How to Plank
What is a plank?
The plank is a bodyweight exercise which involves holding the trunk part of your body in a straight line off the ground. The static exercise engages multiple muscle groups at the same time which makes it extremely effective at strengthening your core, whilst also working the shoulders, arms and glutes.
Planks are also an effective safeguard against back pain - which the NHS reports as the largest single cause of disability in the UK - as they strengthen your core which in turn, can help to alleviate pressure on your back.
They're a great addition to any exercise routine as they're equipment-free and quick to perform.
Getting into plank position is relatively simple but the tricky part is maintaining that position for a period of time.
Regularly adding planks to your fitness regime will go some way to conditioning your core, improving your posture and stability. To get you started and fire up those abs, try out the exercises below.
Most Commonly Asked Questions About Planks
The plank is an exercise which helps to improve core strength.
Planks primarily work the core but also works the back, shoulder, chest, glutes and legs.
Planks can help burn belly fat if it helps you be in a calorie deficit, which is needed for fat loss.
How many planks you do a day should be determined by your needs and goals. There is no set number you have to perform.
Side planks work the rectus addominis, serratus anterior, external oblique and rectus femoris muscles.
Tips for the perfect plank
- To ensure you're getting the maximum benefit from the core muscles make sure you're not sticking your bum in the air and your back is flat.
- Don't let your head drop as you perform a plank - ensure your head and neck are in line with your back so you're looking at the floor.
- Although it's important to concentrate on perfect form, don't forget to breathe as lack of oxygen can cause dizziness or nausea.
how to plank from knee
Equipment: No equipment required
- Lay on the floor with your elbows under your shoulders, hands flat on the floor and core engaged.
- Keeping your forearms and knees on the floor slowly raise yourself upwards until your body is in a straight line from your knees to your head.
- Hold the position for as long as you can. Don’t worry if you abs muscles start shaking. This is a sign that you are working your abs.
How to do a Full plank
No equipment required.
- Start in a press-up position.
- Bend your elbows until your forearms are on the floor beneath your shoulders so your body is in a straight line from your feet to your head.
- Keep your abs tight and look at the space between your hands to ensure a neutral spine position.
- Hold the position for as long as you can.
How to do a side plank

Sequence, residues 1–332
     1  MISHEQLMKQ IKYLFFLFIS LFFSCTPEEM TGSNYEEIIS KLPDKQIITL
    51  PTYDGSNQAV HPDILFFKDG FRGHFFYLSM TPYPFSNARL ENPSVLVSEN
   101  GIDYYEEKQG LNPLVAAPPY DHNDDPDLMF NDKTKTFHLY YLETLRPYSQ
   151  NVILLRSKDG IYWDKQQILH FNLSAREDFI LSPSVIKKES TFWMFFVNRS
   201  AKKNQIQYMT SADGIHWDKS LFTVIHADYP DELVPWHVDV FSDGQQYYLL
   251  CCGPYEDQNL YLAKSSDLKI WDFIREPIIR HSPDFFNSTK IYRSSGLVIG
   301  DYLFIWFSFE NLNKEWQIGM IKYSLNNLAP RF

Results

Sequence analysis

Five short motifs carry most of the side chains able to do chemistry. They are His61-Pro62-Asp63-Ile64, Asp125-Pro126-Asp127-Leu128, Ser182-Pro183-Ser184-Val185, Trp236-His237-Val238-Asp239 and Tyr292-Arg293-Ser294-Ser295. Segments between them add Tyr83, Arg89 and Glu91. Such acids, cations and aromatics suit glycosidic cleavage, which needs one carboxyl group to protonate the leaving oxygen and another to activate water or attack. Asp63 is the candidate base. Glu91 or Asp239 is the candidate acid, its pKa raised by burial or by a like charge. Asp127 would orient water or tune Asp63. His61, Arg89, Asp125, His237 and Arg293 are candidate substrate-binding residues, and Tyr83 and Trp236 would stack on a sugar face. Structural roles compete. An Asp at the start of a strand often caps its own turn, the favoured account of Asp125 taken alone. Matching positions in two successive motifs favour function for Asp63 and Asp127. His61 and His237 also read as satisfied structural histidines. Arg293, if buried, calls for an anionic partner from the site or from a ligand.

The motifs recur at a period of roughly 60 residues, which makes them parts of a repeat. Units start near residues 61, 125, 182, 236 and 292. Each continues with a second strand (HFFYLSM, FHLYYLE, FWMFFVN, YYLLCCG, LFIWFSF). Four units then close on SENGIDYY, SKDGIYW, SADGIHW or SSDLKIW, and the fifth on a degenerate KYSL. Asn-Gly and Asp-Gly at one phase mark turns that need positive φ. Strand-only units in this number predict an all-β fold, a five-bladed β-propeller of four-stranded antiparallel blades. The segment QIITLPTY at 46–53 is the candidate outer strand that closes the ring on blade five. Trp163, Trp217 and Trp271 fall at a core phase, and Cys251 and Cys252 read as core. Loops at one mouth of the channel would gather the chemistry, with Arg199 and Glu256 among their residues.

Level: Intermediate to Advanced.
No equipment required.
- Lay on your right side with feet together and forearm beneath your shoulder.
- Engage your core and raise your hips so your body is in a straight line from your feet to your head.
- Hold this position for as long as you can. If you can, aim for 30 seconds.
- Repeat on your left side.
How to do a Plank knee to elbow
No equipment required.
- Start in a plank position with hands shoulder-width apart on the floor
- Engage your ab muscles and keep your spine straight
- Lift you right foot towards your right elbow.
- Return the right foot back to full plank position.
- Repeat with the left side, moving your left foot towards your left elbow.
How to do a Plank to press up
No equipment required
- Perform a full press up with hands shoulder-width apart and return to starting press up position.
- Lower yourself into plank position by moving one elbow after the other onto the floor whilst keeping your abs tight and spine tall.
- Lift yourself back up into starting press up position by placing one hand after the other onto the floor.
How to do swiss ball circles
Equipment required: Swiss ball.
- Kneel on the floor and rest your forearms on the Swiss ball.
- Lift your knees of the floor and go into plank position.
- Keep your core engaged and back straight. You might feel a bit wobbly – this is normal, as this exercise requires working on core stability.
- Roll the ball in a circular motion and in a controlled manner as if stirring a cup of tea.
How to do a swiss ball pike
Equipment required: Swiss ball
- Start in a press-up position with your feet resting on the Swiss ball.
- Engage your core as you lift your hips so the ball rolls towards your chest, pause, then return to the start position.
If you’re not sure if any of the above exercises are suitable for you, please consult your doctor before you start it. Need guidance on how to perform the exercise? Ask a personal trainer at your gym.